Here Are 4 Reasons Why You Should Ditch Short-Term Trading

At the Motley Fool Singapore, we are long-term investors. There are good reasons why that’s so: Investing with a long time-horizon helps stack the odds of success in our favour.

Here are four good factual examples of why I think frequent and/or short-term trading isn’t the way to operate in the stock market.

1. A study has shown that the ones who trade the most end up performing the worst

Finance professors Brad Barber and Terry Odean once studied the trading records of 66,465 households in the US for the period stretching from 1991 to 1996.

What Barber and Odean found was that in that six-year block, investors who traded the most earned a return of 11.4% per year on average. That sounds good until you realise that (a) the market actually grew by 17.9% annually over the same period, and (b) the average investor had earned an annual return of 16.4%.

2. It is easier to make long-term forecasts in the stock market than it is to make short-term ones

In his book The Signal and the Noise: The Art and Science of Prediction, statistician and political forecaster Nate Silver asked the question: “How could stock prices be so predictable in the long run if they are so unpredictable in the short run?” When he asked the question, he was referring to a few charts he showed in his book. I’ve reproduced the charts below:

Nate silver's charts on the S&P 500
Source: Robert Shiller’s data; author’s calculations

The charts, which uses data going back to 1871, compares the annual returns of the S&P 500 against the index’s starting valuation for a holding period of 1 year and 10 years. With a 1 year holding period (the chart on the left), the stock market is essentially a crap shoot; cheap stocks can easily fall and become cheaper while expensive stocks could just as likely go roaring on and become even pricier.

But when we extend the holding period to a decade (the chart on the right), a much clearer theme emerges: Buy stocks when they’re cheap and you’d likely end up with a good outcome; buy them when they’re pricey, and you’d have poor odds of ending up with a profit.

3. A study has shown how day-traders can’t make a profit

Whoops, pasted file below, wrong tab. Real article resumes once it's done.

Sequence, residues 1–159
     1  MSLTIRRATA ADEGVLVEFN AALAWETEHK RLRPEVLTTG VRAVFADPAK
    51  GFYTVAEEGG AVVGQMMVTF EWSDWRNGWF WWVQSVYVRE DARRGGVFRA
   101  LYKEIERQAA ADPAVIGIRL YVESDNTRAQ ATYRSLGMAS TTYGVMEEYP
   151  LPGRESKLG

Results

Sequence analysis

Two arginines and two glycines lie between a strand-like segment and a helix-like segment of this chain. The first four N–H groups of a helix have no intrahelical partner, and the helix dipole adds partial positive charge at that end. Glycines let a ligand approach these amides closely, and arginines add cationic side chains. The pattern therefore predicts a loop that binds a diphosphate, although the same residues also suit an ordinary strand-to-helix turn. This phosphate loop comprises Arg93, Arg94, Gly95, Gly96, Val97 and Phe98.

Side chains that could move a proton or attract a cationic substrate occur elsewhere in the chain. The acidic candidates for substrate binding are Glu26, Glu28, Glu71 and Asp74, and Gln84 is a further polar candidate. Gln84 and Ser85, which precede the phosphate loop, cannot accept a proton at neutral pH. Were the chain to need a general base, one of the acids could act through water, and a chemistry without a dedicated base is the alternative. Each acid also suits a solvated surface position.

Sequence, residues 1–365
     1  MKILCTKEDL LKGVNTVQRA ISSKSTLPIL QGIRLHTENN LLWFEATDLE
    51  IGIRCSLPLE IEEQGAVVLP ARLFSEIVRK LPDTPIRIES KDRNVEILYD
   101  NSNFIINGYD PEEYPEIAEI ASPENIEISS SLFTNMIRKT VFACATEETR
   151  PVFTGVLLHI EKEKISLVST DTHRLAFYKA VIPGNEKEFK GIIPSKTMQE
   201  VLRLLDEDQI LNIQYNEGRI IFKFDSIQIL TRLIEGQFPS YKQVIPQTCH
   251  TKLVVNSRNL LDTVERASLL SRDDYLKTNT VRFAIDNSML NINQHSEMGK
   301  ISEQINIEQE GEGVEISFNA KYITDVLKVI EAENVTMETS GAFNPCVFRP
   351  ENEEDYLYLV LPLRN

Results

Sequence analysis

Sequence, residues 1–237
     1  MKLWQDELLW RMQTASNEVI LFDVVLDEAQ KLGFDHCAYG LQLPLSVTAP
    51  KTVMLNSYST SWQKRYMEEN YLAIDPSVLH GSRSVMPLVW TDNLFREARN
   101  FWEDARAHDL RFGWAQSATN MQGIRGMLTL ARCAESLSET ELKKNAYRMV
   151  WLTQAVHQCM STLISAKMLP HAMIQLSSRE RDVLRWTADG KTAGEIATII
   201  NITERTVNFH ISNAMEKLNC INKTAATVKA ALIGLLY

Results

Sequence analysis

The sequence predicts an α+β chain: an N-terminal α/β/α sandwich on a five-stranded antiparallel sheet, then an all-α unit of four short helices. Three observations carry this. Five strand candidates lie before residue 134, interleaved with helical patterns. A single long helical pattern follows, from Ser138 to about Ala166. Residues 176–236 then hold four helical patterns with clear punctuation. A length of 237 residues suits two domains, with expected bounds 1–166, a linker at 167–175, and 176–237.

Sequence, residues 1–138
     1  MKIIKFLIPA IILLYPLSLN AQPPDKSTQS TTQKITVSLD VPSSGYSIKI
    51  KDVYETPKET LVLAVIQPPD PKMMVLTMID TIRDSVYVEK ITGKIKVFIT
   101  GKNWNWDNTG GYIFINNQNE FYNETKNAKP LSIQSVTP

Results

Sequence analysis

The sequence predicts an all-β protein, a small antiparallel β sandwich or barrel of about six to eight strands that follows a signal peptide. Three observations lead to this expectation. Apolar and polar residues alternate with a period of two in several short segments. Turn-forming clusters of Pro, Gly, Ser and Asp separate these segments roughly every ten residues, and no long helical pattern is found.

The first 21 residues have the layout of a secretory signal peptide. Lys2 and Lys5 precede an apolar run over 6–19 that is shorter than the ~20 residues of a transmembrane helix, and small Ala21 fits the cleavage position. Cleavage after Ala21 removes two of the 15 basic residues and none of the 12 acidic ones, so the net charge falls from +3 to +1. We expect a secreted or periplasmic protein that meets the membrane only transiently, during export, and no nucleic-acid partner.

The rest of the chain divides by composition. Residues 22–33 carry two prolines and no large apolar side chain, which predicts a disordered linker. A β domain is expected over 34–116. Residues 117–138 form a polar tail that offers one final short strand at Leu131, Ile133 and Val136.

Barber and Odean also once collaborated with Taiwan-based finance researchers Lee Yi-Tsung and Liu Yu-Jane to find out how Taiwanese day traders fared. (A day trade is made when a stock market participant buys and sells the same share on the same day)

They studied the records of thousands of day traders over a five-year period and found that as a group, the day traders’ “profits are not sufficient to cover transaction costs.” Furthermore, “in a typical six-month period, more than eight out of ten day traders lose money.”

4. The longer you hold your stocks, the higher your odds of making money

Here’s a chart showing the odds of making losses in the Straits Times Index (SGX: ^STI) from 1 May 1992 to 12 January 2016 for different holding periods (the returns do not include dividends and inflation):

Straits Times Index's odds of making losses from May 1992 to January 2016
Source: S&P Global Market Intelligence; author’s calculations

As the chart shows, the longer you hold your stocks, the lower your odds of making a loss. For the timeframe under study, a holding period of one day leaves us with a 48% chance of suffering a loss. But if our holding period is stretched to 10 years, the odds of making a loss has historically been just 17%. If the holding period is extended still further to 20 years, the Straits Times Index has never delivered a loss.

Former Motley Fool writer Morgan Housel also once looked at more than 140 years of market history in the US and came to the conclusion that “the odds of success grow perfectly with time. If you hold for five, 10, 15 years or more, the odds of earnings a positive return on stocks after inflation quickly approach 100%, historically.”

Financial advisor Nick Murray once wrote that “Time in the market will be your greatest natural advantage.” I agree with him. Do you?

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The information provided is for general information purposes only and is not intended to be personalised investment or financial advice. Motley Fool Singapore writer Chong Ser Jing doesn't own shares in any company mentioned.